Latest Papers

ASME Journal of Mechanisms and Robotics

  • Mechanical Characterization of Supernumerary Robotic Tails for Human Balance Augmentation
    on August 31, 2023 at 12:00 am

    AbstractHumans are intrinsically unstable in quiet stance from a rigid body system viewpoint; however, they maintain balance, thanks to neuro-muscular sensory control properties. With increasing levels of balance related incidents in industrial and ageing populations globally each year, the development of assistive mechanisms to augment human balance is paramount. This work investigates the mechanical characteristics of kinematically dissimilar one and two degrees-of-freedom (DoF) supernumerary robotic tails for balance augmentation. Through dynamic simulations and manipulability assessments, the importance of variable coupling inertia in creating a sufficient reaction torque is highlighted. It is shown that two-DoF tails with solely revolute joints are best suited to address the balance augmentation issue. Within the two-DoF options, the characteristics of open versus closed loop tails are investigated, with the ultimate design selection requiring trade-offs between environmental workspace, biomechanical factors, and manufacturing ease to be made.

Application of Floquet Theory to Human Gait Kinematics and Dynamics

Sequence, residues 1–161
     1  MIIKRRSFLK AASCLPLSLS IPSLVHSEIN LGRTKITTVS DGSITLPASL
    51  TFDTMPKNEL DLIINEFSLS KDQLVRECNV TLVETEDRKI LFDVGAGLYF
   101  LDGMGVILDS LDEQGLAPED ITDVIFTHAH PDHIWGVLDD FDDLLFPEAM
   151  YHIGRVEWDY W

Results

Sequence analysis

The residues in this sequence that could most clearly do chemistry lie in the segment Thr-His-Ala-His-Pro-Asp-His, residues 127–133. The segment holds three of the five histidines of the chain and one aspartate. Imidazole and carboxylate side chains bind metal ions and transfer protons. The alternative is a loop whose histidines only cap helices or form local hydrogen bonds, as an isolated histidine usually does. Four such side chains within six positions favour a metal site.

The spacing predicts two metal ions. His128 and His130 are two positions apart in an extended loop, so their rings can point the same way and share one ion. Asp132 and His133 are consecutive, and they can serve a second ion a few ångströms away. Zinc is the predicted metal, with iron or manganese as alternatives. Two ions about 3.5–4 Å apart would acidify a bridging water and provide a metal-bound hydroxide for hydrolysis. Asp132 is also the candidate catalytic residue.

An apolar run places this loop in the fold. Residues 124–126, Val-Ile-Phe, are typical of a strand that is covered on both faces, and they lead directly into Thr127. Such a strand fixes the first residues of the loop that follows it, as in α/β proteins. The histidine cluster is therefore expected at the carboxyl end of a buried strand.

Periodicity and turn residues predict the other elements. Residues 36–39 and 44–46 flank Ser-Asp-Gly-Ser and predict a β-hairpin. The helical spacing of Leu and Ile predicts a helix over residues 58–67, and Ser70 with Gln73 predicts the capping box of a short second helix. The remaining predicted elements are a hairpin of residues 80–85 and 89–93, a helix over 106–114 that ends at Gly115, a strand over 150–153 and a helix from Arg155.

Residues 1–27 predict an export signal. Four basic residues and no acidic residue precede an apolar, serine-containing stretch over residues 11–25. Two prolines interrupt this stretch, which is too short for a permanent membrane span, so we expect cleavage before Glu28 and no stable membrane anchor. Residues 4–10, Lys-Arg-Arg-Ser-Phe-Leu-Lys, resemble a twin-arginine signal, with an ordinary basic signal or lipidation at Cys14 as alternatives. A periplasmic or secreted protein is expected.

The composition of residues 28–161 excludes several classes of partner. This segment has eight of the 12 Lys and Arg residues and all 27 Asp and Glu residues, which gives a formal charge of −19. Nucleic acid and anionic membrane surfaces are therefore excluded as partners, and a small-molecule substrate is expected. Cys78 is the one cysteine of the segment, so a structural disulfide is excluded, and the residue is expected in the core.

In this work, the lower extremity physiological parameters are recorded during normal walking gait, and the dynamical systems theory is applied to determine a stability analysis. The human walking gait pattern of kinematic and dynamical data is approximated to periodic behavior. The embedding dimension analysis of the kinematic variable’s time trace and use of Taken’s theorem allows us to compute a reduced-order time series that retains the essential dynamics. In conjunction with Floquet theory, this approach can help determine the system’s stability characteristics. The Lyapunov–Floquet (L-F) transformation application results in constructing an invariant manifold resembling the form of a simple oscillator system. It is also demonstrated that the simple oscillator system, when re-mapped back to the original domain, reproduces the original system’s time evolution (hip angle or knee angle, for example). A reinitialization procedure is suggested that improves the accuracy between the processed data and actual data. The theoretical framework proposed in this work is validated with the experiments using a motion capture system.
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